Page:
Lykins said there are two issues the association continually focuses on: retention and business development. She noted that when looking at the more executive, higher law positions, women aren’t there — they are leaving the practice of law. WLAM wants to find out why and how it can work to keep them there.

“I think Grand Rapids is a very friendly place to practice law; it is an extremely family-oriented bar association. People go home and they are involved in their family or what is important to them … and you don’t see that much other places,” Lykins said.

She said that offering that type of balance is crucial to a law firm.

“As a professional you have to be flexible. I see most of the firms are becoming more flexible in family time and flex time; all the big firms have it,” Lykins said. “Attitudes have changed very much. Women were leaving. (Firms) were putting all this time into training them and then losing them.”

Lykins herself works a reduced schedule to have time with her 3-year-old and 15-month-old, but finds she is accomplishing the same amount of work. It just happens in smaller amounts of focused time that leaves time to attend field trips and play groups. “The Bar Association is very important as a career, but I think you are a better lawyer and a better person if you are balanced,” she said.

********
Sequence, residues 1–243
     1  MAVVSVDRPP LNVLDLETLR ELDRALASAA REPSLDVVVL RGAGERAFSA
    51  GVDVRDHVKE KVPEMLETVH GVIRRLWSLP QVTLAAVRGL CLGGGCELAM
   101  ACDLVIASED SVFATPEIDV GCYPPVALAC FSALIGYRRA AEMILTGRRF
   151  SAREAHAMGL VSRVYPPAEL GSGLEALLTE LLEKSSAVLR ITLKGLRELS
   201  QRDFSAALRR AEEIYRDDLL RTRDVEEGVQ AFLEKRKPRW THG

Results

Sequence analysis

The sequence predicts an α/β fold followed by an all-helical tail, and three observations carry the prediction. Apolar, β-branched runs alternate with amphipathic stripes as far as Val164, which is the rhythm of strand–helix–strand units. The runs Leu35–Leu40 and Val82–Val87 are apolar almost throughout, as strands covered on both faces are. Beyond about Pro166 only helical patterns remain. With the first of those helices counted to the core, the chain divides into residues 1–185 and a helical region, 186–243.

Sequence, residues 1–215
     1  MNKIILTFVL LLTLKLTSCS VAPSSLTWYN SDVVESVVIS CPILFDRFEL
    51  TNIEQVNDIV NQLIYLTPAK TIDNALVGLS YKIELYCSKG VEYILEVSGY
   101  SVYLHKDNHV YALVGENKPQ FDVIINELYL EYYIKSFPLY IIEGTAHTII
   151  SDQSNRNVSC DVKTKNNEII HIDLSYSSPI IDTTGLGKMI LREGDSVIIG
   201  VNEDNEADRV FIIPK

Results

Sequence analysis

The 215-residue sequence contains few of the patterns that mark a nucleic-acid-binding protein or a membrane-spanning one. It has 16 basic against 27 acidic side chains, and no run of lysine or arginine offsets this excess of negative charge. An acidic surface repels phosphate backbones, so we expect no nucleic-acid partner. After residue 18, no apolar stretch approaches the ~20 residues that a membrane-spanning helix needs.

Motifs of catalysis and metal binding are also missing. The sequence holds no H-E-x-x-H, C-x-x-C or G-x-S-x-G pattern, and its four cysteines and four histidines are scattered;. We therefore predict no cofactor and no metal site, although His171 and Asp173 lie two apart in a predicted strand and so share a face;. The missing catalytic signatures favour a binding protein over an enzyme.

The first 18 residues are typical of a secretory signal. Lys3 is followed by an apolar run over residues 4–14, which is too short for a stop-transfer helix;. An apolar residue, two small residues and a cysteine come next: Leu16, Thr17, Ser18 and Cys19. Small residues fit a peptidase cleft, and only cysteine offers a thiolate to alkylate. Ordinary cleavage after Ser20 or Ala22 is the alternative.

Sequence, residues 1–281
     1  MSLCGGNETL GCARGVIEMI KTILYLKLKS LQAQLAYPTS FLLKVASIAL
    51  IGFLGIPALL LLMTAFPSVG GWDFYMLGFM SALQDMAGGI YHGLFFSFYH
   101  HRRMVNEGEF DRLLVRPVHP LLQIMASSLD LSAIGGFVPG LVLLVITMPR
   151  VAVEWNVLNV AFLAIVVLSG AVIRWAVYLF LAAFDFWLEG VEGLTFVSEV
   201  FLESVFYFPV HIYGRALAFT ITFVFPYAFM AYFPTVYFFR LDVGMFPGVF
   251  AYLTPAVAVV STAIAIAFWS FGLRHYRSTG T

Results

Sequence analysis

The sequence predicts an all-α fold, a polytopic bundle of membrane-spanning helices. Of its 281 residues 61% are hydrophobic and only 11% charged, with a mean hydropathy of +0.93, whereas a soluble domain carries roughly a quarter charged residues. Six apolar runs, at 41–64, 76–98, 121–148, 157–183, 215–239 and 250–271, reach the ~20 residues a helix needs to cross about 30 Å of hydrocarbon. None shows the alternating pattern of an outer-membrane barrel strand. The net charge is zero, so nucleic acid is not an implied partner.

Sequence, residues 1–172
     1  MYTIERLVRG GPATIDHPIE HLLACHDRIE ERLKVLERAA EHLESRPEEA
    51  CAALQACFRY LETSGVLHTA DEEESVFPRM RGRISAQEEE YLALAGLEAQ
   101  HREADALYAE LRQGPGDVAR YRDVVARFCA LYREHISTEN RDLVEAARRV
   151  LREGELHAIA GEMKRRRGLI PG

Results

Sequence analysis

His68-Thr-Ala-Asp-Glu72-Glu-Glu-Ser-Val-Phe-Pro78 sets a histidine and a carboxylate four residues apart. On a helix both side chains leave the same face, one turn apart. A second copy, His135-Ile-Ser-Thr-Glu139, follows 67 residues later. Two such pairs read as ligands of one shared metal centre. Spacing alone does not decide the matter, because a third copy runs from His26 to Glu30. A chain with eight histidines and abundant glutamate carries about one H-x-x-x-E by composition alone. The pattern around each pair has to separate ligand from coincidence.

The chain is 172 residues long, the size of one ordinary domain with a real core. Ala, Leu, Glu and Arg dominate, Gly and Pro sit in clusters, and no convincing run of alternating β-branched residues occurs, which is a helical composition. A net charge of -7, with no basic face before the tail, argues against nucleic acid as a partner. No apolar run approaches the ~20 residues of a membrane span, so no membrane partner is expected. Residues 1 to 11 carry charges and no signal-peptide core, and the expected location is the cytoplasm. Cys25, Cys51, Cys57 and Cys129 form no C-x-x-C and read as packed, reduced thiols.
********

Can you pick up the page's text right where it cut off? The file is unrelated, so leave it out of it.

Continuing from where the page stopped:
On the other hand, building a business can be a challenge for women lawyers. One event Lykins hopes will help is the annual holiday reception.

“That is where all the trustees from the Bar and the judges come, and then our membership gets to mingle and meet judges from the area,” she said. “A lot of us work in different areas of law where we are all over the state, in all different court rooms, and would never cross paths with these people. So it is good to get your name out there and meet people in the area.”